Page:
This readalike is in response to a patron's book-match request. If you would like personalized reading recommendations, fill out the book-match form and a librarian will email suggested titles to you. Available for adults, teens, and kids.  You can browse the book matches here.

Virgins of Paradise by Barbara Wood: "A magnificent saga about two sisters from a rich, aristocratic Egyptian family who come of age in postwar Cairo. Inside a beautiful mansion on Virgins of Paradise Street in post–World War II Cairo, Jasmine and Camelia Rasheed grow to womanhood under the watchful eyes of their grandmother and the other women of the prominent Rasheed family. Despite the glamour and elegance of the city, women still wear the veil and live in harems. But as Egypt begins to change, so do Jasmine and Camelia.

Rebelling against a society in which the suppression of women is assumed, Jasmine and Camelia embark on turbulent personal and professional voyages of discovery. Cast out of the family, Jasmine travels to America to become a doctor while Camelia sets out to become one of the foremost beledi dancers in the Middle East." (Book Description)

 If you enjoyed this book's elements of discovering other cultures, as well as the family saga aspect, here are some other titles you may enjoy:

The Bonesetter's Daughter by Amy Tan
Set in contemporary San Francisco and in a Chinese village where Peking Man is unearthed, "The Bonesetter's Daughter" is an excavation of the human spirit: the past, its deepest wounds, its most profound hopes. This is the story of LuLing Young, who searches for the name of her mother, the daughter of the famous Bonesetter from the Mouth of the Mountain. The story conjures the pain of broken dreams, the power of myths, and the strength of love that enables us to recover in memory what we have lost in grief. (worldcat.org)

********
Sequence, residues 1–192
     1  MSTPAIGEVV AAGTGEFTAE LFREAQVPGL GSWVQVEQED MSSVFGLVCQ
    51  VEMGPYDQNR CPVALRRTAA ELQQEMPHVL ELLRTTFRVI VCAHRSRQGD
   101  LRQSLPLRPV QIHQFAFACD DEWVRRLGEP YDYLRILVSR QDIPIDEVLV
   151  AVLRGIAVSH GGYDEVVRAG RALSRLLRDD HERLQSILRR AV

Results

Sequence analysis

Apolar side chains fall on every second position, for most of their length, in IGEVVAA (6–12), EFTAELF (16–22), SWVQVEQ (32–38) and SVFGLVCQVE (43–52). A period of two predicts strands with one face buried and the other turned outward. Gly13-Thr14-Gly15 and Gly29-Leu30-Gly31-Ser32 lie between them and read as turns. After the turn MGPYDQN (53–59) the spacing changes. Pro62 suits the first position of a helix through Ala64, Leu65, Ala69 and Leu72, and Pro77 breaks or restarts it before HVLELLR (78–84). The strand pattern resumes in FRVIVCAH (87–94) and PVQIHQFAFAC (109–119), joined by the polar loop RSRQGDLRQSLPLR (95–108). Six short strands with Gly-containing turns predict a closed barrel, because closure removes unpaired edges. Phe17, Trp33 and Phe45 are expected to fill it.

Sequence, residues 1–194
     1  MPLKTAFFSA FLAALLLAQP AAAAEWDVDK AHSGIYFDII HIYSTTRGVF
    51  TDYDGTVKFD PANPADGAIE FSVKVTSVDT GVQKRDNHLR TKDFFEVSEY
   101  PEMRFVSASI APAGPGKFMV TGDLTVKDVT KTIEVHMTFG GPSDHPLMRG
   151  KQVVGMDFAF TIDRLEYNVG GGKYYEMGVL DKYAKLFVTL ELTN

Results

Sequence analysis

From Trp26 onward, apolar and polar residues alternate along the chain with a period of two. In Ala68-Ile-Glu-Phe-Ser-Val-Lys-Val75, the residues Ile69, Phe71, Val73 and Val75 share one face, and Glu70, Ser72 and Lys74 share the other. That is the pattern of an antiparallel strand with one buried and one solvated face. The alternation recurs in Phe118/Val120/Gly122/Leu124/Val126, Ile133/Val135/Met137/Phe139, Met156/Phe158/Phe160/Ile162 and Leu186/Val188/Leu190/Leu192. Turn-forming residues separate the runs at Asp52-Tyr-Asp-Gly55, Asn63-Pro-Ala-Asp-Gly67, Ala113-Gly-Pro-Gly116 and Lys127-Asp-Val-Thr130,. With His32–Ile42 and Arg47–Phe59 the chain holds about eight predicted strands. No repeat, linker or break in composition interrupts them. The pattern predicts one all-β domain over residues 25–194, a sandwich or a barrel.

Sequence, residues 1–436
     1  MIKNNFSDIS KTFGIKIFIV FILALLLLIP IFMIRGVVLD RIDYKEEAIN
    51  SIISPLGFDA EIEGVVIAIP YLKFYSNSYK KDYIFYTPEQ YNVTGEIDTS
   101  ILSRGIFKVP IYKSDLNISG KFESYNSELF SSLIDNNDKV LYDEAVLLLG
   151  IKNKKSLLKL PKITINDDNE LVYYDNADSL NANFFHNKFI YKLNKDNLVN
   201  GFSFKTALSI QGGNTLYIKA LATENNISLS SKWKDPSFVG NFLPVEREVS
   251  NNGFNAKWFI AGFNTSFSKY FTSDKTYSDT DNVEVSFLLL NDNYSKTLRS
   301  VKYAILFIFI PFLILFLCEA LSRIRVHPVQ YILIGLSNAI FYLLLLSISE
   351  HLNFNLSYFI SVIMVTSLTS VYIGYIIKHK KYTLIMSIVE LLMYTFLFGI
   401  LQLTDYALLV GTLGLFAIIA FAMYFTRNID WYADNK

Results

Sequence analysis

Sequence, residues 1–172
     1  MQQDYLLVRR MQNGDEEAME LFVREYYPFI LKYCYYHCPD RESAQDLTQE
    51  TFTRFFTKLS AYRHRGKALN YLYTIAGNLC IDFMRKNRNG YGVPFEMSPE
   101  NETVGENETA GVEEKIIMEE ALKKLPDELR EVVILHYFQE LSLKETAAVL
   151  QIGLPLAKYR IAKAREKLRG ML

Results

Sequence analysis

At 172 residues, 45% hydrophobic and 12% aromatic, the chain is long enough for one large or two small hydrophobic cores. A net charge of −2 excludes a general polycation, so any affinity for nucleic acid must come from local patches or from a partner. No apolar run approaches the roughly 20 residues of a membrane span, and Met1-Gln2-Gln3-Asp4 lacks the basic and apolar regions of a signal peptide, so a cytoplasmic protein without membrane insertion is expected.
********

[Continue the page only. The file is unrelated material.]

Caleb's Crossing by Geraldine Brooks
The narrator of the story is Bethia Mayfield, growing up in the tiny settlement of Great Harbor amid a small band of pioneers and Puritans. Restless and curious, she yearns after an education that is closed to her by her sex. As often as she can, she slips away to explore the island's glistening beaches and observe its native Wampanoag inhabitants. At twelve, she encounters Caleb, the young son of a chieftain, and the two forge a tentative secret friendship that draws each into the alien world of the other. (worldcat.org)
 

03/23/2012 - 8:31am
Fried Green Tomatoes at the Whistle Stop Cafe by Fannie Flagg

This readalike is in response to a patron's book-match request. If you would like personalized reading recommendations, fill out the book-match form and a librarian will email suggested titles to you. Available for adults, teens, and kids.  You can browse the book matches here.